Tuesday 5 October 2010

The weekend had eagles and harriers too

Last Friday was a very busy day. My ultimate destination was Ras Al Hilal, the "Cape Finisterre" of Cyrenaica, north east Libya's most northern point with its very European look and climate.

En route we travelled progressively eastward from Benghazi, first to coastal Ain Azziana then on to the near-by wetlands at Deryanah. After another 50 kilometres along the coast we turned inland and rose up to the Jebel Akhdar (Green Mountain) before descending once more back onto the coast and on to Ras Al Hilal.

I have already blogged about the dark heron at Ain Azziana and the ducks at Deryanah. 

These observations were only part of Friday's story. Birds of prey were another. Two species of birds of prey were seen on the journey which are not in the new Collin's guide distribution maps and a third which is on the maps proved illusive! 

short toed eagle, October 1, Shahat

As we started to descend the Jebel Akdar from the ancient site at Cyrene down the mountain road towards the coast, we saw a bird to our right. It was 250 metres up in the air but by pure luck we were at the same height on the road.

My travelling companion thought it looked like a toy aeroplane because it hovered for so long. 

This is how I was lucky enough to photograph a short toed eagle from the side while hovering. This is something which normally needs a light aircraft!

another view of short toed eagle, Shahat, October 1

Once it stopped hovering it went both up and down levels so I managed photos above (see above) and below the bird.

short toed eagle, Shahat, October 1

Its well-known bib is apparent on the above shot and there is some contrast with the light belly which is also typical of this bird.

another underside picture of short toed eagle, Shahat, October 1

After two or three minutes we saw a second short toed eagle!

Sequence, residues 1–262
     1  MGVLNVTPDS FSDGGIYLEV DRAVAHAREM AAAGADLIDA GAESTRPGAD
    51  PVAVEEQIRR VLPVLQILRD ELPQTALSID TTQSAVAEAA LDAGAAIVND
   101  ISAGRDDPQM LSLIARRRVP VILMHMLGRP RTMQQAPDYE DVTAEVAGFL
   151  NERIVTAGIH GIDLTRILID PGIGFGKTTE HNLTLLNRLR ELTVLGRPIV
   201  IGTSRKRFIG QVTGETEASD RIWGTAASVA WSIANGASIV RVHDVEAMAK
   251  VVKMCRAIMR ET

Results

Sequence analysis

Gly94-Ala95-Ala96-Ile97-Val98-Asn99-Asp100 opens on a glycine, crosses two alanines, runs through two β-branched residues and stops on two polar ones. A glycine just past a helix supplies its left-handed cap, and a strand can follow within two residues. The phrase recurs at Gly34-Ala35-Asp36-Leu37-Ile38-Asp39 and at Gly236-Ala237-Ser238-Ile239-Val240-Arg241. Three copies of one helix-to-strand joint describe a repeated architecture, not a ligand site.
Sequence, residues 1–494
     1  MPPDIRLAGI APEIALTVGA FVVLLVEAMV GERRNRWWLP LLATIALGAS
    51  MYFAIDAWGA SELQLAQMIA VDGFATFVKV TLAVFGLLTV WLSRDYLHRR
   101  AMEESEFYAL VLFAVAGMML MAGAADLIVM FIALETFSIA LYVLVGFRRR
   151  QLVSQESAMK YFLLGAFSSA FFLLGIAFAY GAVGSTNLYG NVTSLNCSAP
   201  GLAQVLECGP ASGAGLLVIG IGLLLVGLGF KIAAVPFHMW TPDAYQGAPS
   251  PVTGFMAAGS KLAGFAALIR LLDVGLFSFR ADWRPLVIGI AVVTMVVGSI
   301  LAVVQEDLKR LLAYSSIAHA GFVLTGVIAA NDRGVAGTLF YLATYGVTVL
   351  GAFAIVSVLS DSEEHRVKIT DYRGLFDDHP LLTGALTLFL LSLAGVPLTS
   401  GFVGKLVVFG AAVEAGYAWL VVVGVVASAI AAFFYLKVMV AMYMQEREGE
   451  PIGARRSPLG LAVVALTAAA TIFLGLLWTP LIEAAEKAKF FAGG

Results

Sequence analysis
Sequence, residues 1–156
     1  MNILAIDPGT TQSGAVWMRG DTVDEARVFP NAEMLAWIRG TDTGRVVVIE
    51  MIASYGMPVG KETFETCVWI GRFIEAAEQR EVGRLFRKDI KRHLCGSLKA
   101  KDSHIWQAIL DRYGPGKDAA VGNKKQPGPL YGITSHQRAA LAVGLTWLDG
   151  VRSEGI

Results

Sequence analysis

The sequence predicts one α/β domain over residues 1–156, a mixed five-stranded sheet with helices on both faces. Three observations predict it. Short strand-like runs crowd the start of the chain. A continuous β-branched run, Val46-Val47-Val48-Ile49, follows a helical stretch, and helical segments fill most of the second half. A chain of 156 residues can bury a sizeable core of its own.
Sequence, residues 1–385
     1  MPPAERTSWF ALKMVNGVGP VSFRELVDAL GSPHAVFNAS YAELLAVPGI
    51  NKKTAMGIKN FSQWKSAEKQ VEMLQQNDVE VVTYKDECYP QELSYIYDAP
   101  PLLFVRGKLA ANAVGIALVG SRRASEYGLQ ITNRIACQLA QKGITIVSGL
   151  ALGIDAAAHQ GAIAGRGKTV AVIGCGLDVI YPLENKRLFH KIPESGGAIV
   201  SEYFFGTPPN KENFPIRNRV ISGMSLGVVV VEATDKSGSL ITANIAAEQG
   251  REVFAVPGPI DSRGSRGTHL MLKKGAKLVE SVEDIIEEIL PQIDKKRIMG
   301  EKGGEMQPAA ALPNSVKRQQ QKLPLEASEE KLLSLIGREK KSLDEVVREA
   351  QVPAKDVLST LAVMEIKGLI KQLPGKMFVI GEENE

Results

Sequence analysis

It almost doesn't need saying but short toed eagle is not on the Collins distribution map for Libya. I knew this was not accurate because I had seen one in spring near Tripoli.

There is no doubt that the vast majority of short toed eagle cross from Europe to Africa on migration at Gibraltar and Istanbul. Two Southern Italian birds are currently being tracked: 

Both birds have taken a massive de tour to avoid crossing the Mediterranean towards Tunisia or Libya! They are heading towards Gibraltar on land.

Likewise Balkan birds including mainland Greek birds are known to divert towards Istanbul. 

So where have the birds I saw come from?

I only have two ideas. They could be birds from Crete. It is almost as short a sea crossing for them to fly to Cyrenaica directly as it is to fly up to Istanbul and the journey is much shorter.

My other idea is that they haven't come from anywhere. They may be local birds!  On October 1st when this sighting was made the Italian birds had barely started their migration (a day before actually) .So it is quite possible that any local Libyan bird would not have migrated yet.

The trouble is I will have to wait until next May to find out.

Marsh harrier, Deryanah, October 1

Even before we saw the short toed eagles, we had seen more marsh harrier. We saw a pair at Deryanah. See my recent blog on "How many marsh harriers stay all year round?" discusses the occurrence of this bird. There were an adult male and female disturbing the newly arrived waders. I suspect tired migrating waders may have been easy prey.

Just to finish my stories about birds of prey, I can tell you we visited Wadi Al Kouf in the Jebel Akhdar on the way (before we saw  short toed eagle and after we had seen marsh harrier).  This was a strong hold of the Egyptian vulture. This is a bird which I believe may no longer present in Libya (ironically it is on the Collins map) in common with its worldwide decline.

Wadi Al Kouf, October 1

I didn't see any vultures but I did find a nest which had been used this year or last (it had feathers inside). I have made a note that I should observe this next spring. Is an Egyptian vulture's nest ? Is there still hope?

nest, Wadi Al Kouf, October 1

Wadi Al Kouf did reveal some birds of prey. I saw one kestrel and a group of eight lesser kestrel but I would have traded them all in for an Egyptian vulture.

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